Chapter 1: My Corporate Idolatry Part 9
When I started my next job (after my two month “paid vacation” described in the last post), I worked hard to avoid identifying myself with the company. I was a professional. My work was high quality but transactional, and no longer a mission. I didn’t mind that I was no longer working on the most cutting-edge, high profile project, because I could see the price people on that team were paying. Also, I consciously put some of my energy into building community outside of the workplace.
So in 2009, when I found myself unhappy at work, I was able to walk away. I didn’t like the company, some of the people, or the product I was managing. I needed to do something different, and that was never going to happen as long as I was in that job.
My wife and I talked about it for two months before I pulled the trigger. It was crazy at home, with two of us in high-powered careers. And my two-month paid vacation a few years earlier showed us how much easier life could be. We looked at the budget, and figured out how long we could go on just her salary. We’ve gone much longer, because we don’t spend as much on stuff. I think I bought stuff as a palliative for stress.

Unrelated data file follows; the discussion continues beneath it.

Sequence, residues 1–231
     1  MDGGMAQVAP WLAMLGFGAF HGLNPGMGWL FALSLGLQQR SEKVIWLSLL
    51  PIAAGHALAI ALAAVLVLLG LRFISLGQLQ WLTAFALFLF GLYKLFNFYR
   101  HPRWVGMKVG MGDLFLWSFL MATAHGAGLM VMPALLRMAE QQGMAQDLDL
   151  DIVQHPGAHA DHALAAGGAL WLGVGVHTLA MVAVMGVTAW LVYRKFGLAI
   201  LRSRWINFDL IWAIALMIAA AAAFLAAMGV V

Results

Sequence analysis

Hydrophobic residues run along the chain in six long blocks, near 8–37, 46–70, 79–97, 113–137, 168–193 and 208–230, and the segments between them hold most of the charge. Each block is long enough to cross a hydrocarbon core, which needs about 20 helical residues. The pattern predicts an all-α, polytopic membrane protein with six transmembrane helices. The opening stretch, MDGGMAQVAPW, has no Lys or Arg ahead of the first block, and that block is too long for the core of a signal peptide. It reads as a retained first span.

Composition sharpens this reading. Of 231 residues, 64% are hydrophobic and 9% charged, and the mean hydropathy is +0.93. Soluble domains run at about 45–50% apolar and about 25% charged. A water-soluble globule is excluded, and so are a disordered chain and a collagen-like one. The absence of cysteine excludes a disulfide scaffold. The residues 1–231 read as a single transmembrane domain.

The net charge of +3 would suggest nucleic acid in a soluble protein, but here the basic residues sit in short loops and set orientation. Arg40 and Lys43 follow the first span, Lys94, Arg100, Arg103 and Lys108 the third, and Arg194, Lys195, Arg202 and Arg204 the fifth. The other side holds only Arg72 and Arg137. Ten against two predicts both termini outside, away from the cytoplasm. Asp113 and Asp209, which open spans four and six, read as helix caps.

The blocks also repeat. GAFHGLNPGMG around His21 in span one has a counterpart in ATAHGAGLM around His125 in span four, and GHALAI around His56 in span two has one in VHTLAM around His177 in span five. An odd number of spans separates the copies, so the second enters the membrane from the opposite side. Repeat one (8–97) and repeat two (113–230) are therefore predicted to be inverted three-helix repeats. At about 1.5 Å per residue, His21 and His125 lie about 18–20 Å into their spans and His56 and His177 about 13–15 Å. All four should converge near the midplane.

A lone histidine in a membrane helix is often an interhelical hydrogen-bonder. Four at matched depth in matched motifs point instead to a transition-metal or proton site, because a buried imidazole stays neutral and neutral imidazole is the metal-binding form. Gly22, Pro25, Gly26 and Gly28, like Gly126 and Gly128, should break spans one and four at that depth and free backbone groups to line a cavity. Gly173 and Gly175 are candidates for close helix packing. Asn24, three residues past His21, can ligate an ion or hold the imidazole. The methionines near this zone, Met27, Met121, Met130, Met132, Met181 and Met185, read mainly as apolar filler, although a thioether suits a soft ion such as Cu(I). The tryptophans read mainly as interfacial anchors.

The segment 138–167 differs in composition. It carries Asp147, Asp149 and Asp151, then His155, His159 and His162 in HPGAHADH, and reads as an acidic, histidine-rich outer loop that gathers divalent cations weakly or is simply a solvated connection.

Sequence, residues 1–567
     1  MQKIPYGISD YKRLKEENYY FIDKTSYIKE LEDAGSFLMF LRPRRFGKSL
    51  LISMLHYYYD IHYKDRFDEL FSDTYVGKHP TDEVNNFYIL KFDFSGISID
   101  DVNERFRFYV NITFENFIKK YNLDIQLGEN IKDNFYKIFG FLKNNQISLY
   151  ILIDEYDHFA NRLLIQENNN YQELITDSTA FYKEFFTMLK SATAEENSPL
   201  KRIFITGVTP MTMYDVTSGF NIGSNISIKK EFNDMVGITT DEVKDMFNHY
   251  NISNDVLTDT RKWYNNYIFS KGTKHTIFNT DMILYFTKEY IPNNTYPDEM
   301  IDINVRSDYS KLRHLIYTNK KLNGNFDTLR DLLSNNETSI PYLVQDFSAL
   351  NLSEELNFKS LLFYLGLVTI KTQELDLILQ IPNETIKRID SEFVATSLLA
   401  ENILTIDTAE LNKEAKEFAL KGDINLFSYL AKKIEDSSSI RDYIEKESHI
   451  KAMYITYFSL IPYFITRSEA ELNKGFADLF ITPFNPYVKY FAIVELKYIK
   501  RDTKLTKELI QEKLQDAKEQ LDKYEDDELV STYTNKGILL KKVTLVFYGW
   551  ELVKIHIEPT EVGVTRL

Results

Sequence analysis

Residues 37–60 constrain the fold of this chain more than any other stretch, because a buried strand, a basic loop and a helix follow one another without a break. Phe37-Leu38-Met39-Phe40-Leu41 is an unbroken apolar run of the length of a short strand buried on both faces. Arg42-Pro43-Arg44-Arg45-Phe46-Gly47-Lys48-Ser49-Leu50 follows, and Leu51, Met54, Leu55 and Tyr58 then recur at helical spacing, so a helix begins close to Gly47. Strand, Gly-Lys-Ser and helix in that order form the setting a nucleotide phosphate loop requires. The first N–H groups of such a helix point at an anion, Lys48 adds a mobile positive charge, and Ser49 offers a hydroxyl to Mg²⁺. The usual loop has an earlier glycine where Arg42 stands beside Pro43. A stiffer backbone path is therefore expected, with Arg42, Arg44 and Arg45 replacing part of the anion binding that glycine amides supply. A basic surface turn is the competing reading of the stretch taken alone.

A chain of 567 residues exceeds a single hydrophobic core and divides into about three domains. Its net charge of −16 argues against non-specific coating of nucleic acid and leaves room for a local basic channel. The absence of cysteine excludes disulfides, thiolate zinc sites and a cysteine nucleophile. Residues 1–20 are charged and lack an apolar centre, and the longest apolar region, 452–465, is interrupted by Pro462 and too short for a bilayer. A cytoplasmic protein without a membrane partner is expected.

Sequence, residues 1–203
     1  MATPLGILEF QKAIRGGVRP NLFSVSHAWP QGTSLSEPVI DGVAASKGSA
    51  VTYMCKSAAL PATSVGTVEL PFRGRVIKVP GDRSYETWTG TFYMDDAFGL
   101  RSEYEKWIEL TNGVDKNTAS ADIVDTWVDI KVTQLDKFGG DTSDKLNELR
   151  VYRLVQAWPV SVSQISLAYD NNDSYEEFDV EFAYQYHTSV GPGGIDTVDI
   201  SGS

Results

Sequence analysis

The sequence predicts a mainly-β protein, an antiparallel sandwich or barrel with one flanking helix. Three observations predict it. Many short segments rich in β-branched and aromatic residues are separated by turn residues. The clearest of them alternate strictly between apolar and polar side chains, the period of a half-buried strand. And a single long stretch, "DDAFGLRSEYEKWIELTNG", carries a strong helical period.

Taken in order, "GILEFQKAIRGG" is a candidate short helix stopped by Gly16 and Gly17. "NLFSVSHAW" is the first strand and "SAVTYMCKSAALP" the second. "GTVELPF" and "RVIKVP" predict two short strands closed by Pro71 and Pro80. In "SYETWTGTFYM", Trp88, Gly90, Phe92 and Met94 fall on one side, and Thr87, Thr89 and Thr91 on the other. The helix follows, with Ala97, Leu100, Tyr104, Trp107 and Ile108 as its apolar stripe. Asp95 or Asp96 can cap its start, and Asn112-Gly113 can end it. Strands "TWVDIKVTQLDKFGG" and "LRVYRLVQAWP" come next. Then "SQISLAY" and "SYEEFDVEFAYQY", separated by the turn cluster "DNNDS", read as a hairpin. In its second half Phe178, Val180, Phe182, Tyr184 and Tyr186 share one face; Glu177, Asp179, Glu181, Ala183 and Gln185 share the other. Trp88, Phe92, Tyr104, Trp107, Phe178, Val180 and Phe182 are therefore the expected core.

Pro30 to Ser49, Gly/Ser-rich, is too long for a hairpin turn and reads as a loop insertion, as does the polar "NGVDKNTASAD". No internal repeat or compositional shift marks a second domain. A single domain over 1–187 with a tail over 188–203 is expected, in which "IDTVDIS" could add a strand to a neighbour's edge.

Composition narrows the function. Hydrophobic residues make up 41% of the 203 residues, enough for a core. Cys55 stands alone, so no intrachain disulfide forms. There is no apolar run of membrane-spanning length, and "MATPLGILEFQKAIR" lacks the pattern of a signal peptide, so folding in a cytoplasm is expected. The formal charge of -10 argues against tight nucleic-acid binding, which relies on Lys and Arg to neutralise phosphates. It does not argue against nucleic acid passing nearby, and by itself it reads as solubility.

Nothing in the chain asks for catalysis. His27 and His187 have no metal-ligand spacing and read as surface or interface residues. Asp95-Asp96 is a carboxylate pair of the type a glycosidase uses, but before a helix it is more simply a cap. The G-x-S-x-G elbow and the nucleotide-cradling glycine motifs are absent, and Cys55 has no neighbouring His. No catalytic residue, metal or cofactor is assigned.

And I got to see things I would never have seen. One afternoon, I walked past the door of the living room, and stopped to watch my six year old daughter play with a friend. They were sitting on the floor cross-legged, talking quietly to each other. I couldn’t hear what they were saying, but they were so intense and serious. I had seen them play before, but it was always rambunctious and wild. If I hadn’t been home, I would have missed this ordinary but irreplaceable moment.
My life was better. Much better.
I rediscovered the great joys of life that I hadn’t even noticed were missing. I now enjoyed my meals instead of pounding them down or eating mechanically while my mind whirled around the work day that hadn’t ended. I was well rested, and found that sex is even better when I wasn’t stressed. And because I wasn’t stressed, I could be there, in the moment, for my wife and kids. They became less stressed too.